RTÉ GAA analyst Pat Spillane believes the way Jim Gavin empowered and motivated his Dublin players will be the defining feature of his five-in-a-row tenure.

Gavin departed his role at the weekend in a move that surprised some, but led to many tributes to his achievements with the county.

Spillane is undecided on whether Gavin can be labelled the greatest ever football manager.

He did not hesitate however to say that he created a hunger with the Sky Blues that the game has rarely seen.

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Speaking on this week's RTÉ GAA Podcast, eight-time All-Ireland winner Spillane said: "I never met the man but people say 'what did he bring?'. I admired his footballing philosophy.

"His teams played football the way it should be played. I admired the way he was so tactically flexible, particularly during a game where he could adjust things at half-time. After the 2014 defeat (to Donegal), he just tore up the script and started again.

"I loved the way he empowered the players. Too often, managers have a Plan A and when they move to Plan B the players don’t have a clue. Gavin’s players were always empowered.

"They were great decision-makers. They changed things on the field. I loved the way he improved players, whether it was Ciarán Kilkenny who wasn’t an out-and-out scorer but became one.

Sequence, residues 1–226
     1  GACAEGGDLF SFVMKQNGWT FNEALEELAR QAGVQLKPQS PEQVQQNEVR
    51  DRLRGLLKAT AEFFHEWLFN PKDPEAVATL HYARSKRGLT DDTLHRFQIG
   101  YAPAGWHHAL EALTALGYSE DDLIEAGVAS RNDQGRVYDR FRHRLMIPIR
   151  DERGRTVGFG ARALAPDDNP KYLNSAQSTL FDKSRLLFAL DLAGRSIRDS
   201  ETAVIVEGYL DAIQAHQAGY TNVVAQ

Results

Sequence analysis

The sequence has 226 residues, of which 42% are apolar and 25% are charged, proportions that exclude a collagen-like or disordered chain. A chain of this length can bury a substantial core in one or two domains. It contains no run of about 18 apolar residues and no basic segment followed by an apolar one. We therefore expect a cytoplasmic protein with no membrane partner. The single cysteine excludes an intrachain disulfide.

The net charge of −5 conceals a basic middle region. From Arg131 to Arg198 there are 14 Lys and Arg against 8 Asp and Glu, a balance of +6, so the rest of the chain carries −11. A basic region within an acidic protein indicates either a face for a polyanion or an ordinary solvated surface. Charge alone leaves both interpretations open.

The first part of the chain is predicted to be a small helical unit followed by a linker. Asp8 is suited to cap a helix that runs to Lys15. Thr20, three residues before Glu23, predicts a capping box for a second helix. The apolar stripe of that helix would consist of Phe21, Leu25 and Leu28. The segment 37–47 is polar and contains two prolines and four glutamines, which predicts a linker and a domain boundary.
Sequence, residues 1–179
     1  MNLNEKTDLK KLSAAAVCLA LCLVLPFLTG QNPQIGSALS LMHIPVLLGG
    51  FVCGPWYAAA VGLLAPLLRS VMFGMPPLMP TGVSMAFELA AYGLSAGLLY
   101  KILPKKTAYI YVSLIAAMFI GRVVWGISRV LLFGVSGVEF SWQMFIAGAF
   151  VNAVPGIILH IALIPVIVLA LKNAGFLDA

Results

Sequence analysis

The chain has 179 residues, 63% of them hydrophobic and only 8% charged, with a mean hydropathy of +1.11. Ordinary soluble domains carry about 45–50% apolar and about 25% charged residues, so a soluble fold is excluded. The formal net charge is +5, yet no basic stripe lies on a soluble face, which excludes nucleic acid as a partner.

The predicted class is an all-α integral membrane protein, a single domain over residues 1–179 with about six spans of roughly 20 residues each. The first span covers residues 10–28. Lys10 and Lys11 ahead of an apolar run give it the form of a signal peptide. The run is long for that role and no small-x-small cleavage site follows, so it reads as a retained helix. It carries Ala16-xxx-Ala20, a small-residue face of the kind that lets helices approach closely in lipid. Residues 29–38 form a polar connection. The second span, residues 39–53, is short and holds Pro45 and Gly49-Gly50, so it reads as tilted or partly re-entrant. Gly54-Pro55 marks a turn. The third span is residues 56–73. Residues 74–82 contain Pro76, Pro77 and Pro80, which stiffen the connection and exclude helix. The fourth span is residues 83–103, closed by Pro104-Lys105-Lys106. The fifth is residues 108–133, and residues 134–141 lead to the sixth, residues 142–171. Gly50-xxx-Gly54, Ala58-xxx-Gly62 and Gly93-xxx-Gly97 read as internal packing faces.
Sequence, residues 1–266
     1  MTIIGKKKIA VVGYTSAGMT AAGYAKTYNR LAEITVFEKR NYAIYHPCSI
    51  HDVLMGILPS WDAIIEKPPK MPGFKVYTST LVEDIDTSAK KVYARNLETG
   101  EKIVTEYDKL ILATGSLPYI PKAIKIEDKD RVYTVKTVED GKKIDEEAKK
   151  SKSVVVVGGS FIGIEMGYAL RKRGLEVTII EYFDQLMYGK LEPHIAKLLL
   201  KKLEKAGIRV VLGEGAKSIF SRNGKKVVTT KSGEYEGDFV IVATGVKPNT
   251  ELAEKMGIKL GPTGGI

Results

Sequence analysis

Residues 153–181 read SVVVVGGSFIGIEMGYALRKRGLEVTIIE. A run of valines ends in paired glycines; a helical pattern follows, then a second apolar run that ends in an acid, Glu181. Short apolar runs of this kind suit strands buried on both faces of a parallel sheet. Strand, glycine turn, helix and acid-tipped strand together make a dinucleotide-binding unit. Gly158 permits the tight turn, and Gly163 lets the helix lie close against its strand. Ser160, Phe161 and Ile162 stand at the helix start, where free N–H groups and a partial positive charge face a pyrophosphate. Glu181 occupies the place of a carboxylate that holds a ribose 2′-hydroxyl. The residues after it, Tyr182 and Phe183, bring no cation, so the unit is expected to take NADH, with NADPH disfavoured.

"The way he developed Con O’Callaghan into the footballer he is and the way he developed Paul Mannion, who was sort of inconsistent, into a great forward. He recognised raw talent, going to Raheny and seeing a raw Brian Fenton and saying, 'I can make a footballer out of him’. And he did.

"There was no ego, it was all about the players, community and clubs. I liked his man-management. I don’t think that can be underestimated.

"The biggest difficulty Micko [Mick O'Dwyer] had with five-in-a-row and three and four, was to keep us hungry. With an amateur sport, how do you keep them hungry? Medals become accumulated. Micko kept us hungry through dangling carrots with various holidays and that.

"But what Jim has done is keep those Dublin players grounded over the last five years, to keep them motivated and as hungry for an All-Ireland last year as they were five years ago. He surrounded himself with brilliant managerial talent and utilised it."

The next Dublin manager will be appointed within two weeks.

Record All-Star winner Spillane, like many others, thinks there were signs of deterioration within the Dubs team last year.

However, that, along with the departure of Gavin, does not offer guarantees to the chasing pack.

He added: "There is a sign of slippage, I certainly think that. They should have been beaten in the drawn All-Ireland. Kerry panicked in the last 12 minutes.

"They had a game there for the taking and you have to admire what Dublin did. I thought there was slippage in both games.

"There is a need to readjust and reinvigorate and bring one or two new faces into the defence. There is a sign, but does that mean Dublin will lose the All-Ireland under new management? I’m not saying that at all. Could Kerry win an All-Ireland? I’m not saying that either."